“Re-dedicating a squad of detectives to focus primarily on missing persons provides a greater capacity to tend to the needs of those investigations,” the department’s spokesperson said in an email.

KCPD took a missing person report on Hurt on Feb. 2, the same day they were notified about Hurt, The Kansas City Star reports, but a flyer wasn’t posted on the department’s website or distributed to local media until March 27.

Community response

The case of Jaynie Crosdale shows the disconnect between law enforcement and Black communities, The Kansas City Defender founder Ryan Sorrell said.

Crosdale was reported by police as a potential witness in the case against Timothy Haslett Jr., who has been charged with kidnapping and torturing a young Black woman he picked up on Prospect Avenue in 2022.

Crosdale’s remains were later discovered in a barrel floating in the Missouri River in July 2023. Haslett has not been charged in her death. Sorrell said that when Crosdale went missing, Excelsior Springs police announced that she was a potential witness instead of a potential victim. He said the difference in that language matters.

“That scenario is indicative of how the police view missing Black people, more times than not, as criminals as opposed to victims who need help,” he said.

Sorrell said distrust of police because of historical criminalization of victims and police brutality makes it hard for police to rally cooperation in missing persons cases. Those suspicions of police have discouraged families from pursuing formal investigations. So many have taken on the work themselves.

The Defender has been receiving and amplifying community tips on missing people after it began to investigate the trend of missing Black women in Kansas City in 2022, Sorrell said.

“It continues to be an urgent crisis within our city that is not being adequately addressed — and is not even capable of being adequately addressed — by the police,” he said. “Many Black people don’t even feel safe going to the police department to report it.”

Black people make up 56% of all the missing persons reports in the past eight months, despite only making up 26% of the population in Kansas City, according to data from KCPD.

Families looking for missing people have also addressed the difficulty of filing a report. The department has no minimum time a person is gone before declaring them missing. But they must either have a life-threatening medical condition, be suffering from a mental illness or dementia, be suicidal or there must be strong evidence of foul play.

Kris Wade has seen this firsthand. She is the co-founder and executive director of The Justice Project, which advocates for women in poverty. She said families need to understand filing guidelines before approaching the police department.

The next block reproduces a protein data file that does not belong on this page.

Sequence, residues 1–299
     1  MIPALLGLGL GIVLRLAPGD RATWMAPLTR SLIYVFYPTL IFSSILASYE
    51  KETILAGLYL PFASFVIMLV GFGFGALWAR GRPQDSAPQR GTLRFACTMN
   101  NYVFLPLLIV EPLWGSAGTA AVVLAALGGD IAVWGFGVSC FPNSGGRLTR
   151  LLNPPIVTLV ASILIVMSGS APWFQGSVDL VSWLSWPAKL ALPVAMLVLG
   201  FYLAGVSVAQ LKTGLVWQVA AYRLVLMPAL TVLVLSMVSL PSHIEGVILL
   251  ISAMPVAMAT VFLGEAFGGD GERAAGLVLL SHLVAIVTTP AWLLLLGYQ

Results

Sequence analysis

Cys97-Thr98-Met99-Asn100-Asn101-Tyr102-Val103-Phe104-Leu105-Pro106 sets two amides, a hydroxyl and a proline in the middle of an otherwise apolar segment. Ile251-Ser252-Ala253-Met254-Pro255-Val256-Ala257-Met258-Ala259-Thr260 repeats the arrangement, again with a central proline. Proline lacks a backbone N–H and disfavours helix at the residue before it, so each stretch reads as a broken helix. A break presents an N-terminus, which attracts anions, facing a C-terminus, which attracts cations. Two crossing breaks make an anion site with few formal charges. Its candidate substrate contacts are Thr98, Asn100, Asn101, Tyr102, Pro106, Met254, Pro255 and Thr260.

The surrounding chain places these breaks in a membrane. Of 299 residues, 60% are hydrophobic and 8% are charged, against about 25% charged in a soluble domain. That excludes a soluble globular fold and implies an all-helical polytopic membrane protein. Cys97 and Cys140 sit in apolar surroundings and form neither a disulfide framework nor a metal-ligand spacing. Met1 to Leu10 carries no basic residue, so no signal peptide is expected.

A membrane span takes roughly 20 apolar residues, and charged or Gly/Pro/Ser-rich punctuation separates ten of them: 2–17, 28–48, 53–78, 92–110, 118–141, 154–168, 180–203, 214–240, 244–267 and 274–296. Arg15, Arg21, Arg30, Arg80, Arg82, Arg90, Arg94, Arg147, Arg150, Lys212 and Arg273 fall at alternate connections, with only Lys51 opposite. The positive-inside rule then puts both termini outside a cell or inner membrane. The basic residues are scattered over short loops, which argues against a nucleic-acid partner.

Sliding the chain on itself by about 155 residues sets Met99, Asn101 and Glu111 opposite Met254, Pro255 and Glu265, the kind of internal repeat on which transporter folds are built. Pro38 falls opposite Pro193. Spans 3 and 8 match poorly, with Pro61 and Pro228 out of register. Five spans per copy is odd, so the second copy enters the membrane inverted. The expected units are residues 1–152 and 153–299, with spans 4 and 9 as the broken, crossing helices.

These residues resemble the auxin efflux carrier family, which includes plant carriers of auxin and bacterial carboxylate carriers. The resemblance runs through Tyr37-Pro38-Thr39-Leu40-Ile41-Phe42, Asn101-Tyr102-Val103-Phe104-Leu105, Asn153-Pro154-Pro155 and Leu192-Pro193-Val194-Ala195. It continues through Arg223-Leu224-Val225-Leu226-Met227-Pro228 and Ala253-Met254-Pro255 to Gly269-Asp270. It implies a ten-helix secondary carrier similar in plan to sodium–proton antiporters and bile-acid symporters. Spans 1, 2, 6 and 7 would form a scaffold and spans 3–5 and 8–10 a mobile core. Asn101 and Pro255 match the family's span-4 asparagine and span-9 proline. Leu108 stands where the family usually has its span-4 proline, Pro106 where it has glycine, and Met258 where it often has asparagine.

“If they have the right information, they’ll start looking. But if they don’t have enough information, what can they do?” she said. “They can’t just send people out to aimlessly drive around the streets. That’s why people will need to do their homework before they go down there. Or to ask the police, ‘What do you need from me to make this work?’”

Daniel with AdHoc said police simply don’t have enough officers to conduct robust investigations into every missing persons tip, especially considering the number of violent crimes that take place in Kansas City. But he believes more can be done when families reach out.

“Does that mean that if I can’t file a report I’m not going to get any help at all?” he said. “That’s a little unacceptable.”

Becchina said that investigations are confidential and complex and require a unique approach for each case, but the department does what it can to be transparent.

“We publish the daily numbers and we are in contact regularly with reporting parties and available for follow-ups to answer questions when needed,” Becchina said.

Daniel said that KCPD needs to be straightforward about educating families on how to file a missing persons report and what to expect after one is filed.

“There has to be a better education to the public as to what those processes are,” he said. “They should put them (clearly) on their website. At least make it plain out there.”

Theda Wilson would agree. She founded Looking for an Angel in 2006, three years after her 9-year-old son, Christian Taylor Ferguson, went missing. The St. Louis-based nonprofit helps families find their missing loved ones.

Wilson said she’s had to be persistent with local law enforcement and the Missouri Highway Patrol to pursue missing persons investigations. She often has to remind officers, for example, that there is no time limit on an investigation when they insist that families wait 24 to 48 hours after a person goes missing.

“Most of the time these terms are new to them and they don’t know what to do,” she said. “They’re expecting guidance from a representative like a police department or a police agency to tell them what they need to do. I’ll go down there and I’m going to get some answers and I’ll stand there until they open their door and talk to me and their parents.”

This story was originally published by The Beacon Kansas City, a fellow member of the KC Media Collective.

Mili Mansaray is the housing and labor reporter at The Kansas City Beacon. Previously, she was a freelance reporter and Summer 2020 intern.